#15

I also use GNOME so I like Gtk’s look’n’feel - the only consideration is that I?m repeatedly told that it looks like crap on Mac OS & Windows…I do not run Windows any longer, even under Virtualbox since XP was the last license I had and never had access to the Mac OS…

Are you concerned about the cross platform capabilities as your project should be usable for other users?
If something looks like crap is pretty subjective and maybe you should form your own opinion on the look and feel. In practice it is much more important that a UI is usable instead that it looks good.


#16

As a general observation on this issue, I think it’s pretty frustrating that we don’t have a good answer to this, but I think we’re not alone – the GUI toolkit space seems to be long on options and short on satisfaction. It seems that you can have two of the following three:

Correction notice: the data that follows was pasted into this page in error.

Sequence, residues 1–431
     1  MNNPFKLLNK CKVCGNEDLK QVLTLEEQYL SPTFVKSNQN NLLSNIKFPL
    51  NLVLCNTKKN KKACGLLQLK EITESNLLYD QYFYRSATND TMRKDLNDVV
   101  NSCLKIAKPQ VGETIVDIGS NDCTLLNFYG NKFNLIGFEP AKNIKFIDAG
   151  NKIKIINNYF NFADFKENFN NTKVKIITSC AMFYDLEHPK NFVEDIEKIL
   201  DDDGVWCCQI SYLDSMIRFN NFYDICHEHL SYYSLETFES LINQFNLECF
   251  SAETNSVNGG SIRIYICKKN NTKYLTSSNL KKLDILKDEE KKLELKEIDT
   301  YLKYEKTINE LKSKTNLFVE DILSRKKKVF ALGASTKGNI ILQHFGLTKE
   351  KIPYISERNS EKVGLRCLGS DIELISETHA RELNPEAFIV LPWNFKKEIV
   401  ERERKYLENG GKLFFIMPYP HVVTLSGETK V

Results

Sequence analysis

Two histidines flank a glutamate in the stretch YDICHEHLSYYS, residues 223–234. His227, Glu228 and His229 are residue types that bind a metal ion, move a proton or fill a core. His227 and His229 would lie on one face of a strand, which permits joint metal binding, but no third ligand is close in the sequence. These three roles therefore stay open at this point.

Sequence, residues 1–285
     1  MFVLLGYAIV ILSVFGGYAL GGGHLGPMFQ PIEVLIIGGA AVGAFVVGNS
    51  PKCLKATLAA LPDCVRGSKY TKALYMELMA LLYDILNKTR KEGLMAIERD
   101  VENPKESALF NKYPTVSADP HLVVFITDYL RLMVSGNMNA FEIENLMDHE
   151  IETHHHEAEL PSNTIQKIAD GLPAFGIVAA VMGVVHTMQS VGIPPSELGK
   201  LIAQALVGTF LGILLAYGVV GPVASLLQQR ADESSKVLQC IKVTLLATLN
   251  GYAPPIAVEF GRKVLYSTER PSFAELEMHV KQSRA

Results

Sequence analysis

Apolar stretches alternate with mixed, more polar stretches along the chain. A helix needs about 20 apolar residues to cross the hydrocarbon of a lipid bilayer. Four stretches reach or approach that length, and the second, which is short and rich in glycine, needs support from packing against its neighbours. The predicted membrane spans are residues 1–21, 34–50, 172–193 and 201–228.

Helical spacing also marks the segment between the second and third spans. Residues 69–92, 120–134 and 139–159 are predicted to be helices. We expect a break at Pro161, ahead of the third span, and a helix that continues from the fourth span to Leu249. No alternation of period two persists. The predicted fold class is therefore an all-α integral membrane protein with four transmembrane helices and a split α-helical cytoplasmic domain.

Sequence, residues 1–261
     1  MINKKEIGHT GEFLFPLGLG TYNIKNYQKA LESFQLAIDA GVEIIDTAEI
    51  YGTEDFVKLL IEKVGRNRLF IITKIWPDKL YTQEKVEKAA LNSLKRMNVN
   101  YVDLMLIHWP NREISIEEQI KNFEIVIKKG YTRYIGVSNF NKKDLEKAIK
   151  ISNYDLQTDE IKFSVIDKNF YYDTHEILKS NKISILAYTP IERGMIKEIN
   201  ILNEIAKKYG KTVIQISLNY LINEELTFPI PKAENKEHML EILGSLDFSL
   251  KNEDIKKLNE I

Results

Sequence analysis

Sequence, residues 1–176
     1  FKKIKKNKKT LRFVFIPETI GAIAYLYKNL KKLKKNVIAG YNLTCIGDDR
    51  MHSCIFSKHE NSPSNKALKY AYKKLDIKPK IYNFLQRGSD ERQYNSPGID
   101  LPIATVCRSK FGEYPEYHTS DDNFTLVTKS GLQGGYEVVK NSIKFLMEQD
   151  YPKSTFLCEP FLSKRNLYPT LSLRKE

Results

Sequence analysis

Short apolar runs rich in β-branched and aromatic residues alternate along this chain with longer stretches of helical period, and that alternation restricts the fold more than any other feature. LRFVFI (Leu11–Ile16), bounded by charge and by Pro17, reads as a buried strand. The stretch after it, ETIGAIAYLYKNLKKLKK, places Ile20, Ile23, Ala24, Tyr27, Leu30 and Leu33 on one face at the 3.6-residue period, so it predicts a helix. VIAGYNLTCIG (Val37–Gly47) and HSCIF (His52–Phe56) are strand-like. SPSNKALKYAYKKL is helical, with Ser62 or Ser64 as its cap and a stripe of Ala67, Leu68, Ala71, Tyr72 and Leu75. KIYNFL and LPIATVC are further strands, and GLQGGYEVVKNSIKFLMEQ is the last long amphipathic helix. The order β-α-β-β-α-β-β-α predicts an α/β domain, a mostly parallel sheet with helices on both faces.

1. Cross-platform.
  2. Really good native look.
  3. General: can build any kind of GUI.

Single-platform are often very good and provided by the platform vendor – these are 2 & 3. Most other toolkits are cross-platform but leave much to be desired in aesthetics – i.e. 1 & 3. Many people have tried, but it seems almost impossible to write generic cross-platform GUI code and have it look really good on all platforms. But I have to wonder if there isn’t a space for 1 & 2 – i.e. a limited-purpose cross-platform toolkit with very nice, largely automatic, native aesthetics. A lot of scientific applications have pretty limited, simple GUI requirements, and it would be nice if they were cross-platform and looked really good, as compared to the notoriously bad looks of some common open source GUI toolkits. Part of the problem seems to be automatic widget layout, which is a notoriously hard problem, but one which Julia is well-positioned to address since we’ve got JuMP :sunglasses: